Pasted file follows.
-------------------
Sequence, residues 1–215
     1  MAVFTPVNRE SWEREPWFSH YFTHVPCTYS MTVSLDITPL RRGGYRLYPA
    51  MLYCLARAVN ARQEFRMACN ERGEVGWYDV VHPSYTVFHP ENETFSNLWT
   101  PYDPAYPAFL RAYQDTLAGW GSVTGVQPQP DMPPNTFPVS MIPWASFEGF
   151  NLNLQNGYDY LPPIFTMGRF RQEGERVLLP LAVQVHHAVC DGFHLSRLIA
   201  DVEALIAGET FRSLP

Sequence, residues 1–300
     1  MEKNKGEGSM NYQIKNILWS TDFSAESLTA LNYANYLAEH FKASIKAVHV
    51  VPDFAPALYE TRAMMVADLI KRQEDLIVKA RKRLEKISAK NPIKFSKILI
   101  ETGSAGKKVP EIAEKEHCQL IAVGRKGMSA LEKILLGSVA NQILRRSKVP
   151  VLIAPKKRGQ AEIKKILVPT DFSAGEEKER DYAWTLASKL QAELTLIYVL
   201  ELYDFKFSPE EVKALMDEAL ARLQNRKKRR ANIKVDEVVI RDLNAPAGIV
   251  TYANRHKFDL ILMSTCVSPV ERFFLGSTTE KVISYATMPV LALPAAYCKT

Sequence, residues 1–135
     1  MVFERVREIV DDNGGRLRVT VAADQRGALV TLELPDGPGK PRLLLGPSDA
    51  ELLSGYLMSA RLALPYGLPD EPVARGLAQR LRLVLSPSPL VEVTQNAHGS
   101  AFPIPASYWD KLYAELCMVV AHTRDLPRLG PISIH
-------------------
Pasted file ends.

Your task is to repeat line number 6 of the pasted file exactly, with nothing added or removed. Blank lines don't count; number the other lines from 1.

   201  DVEALIAGET FRSLP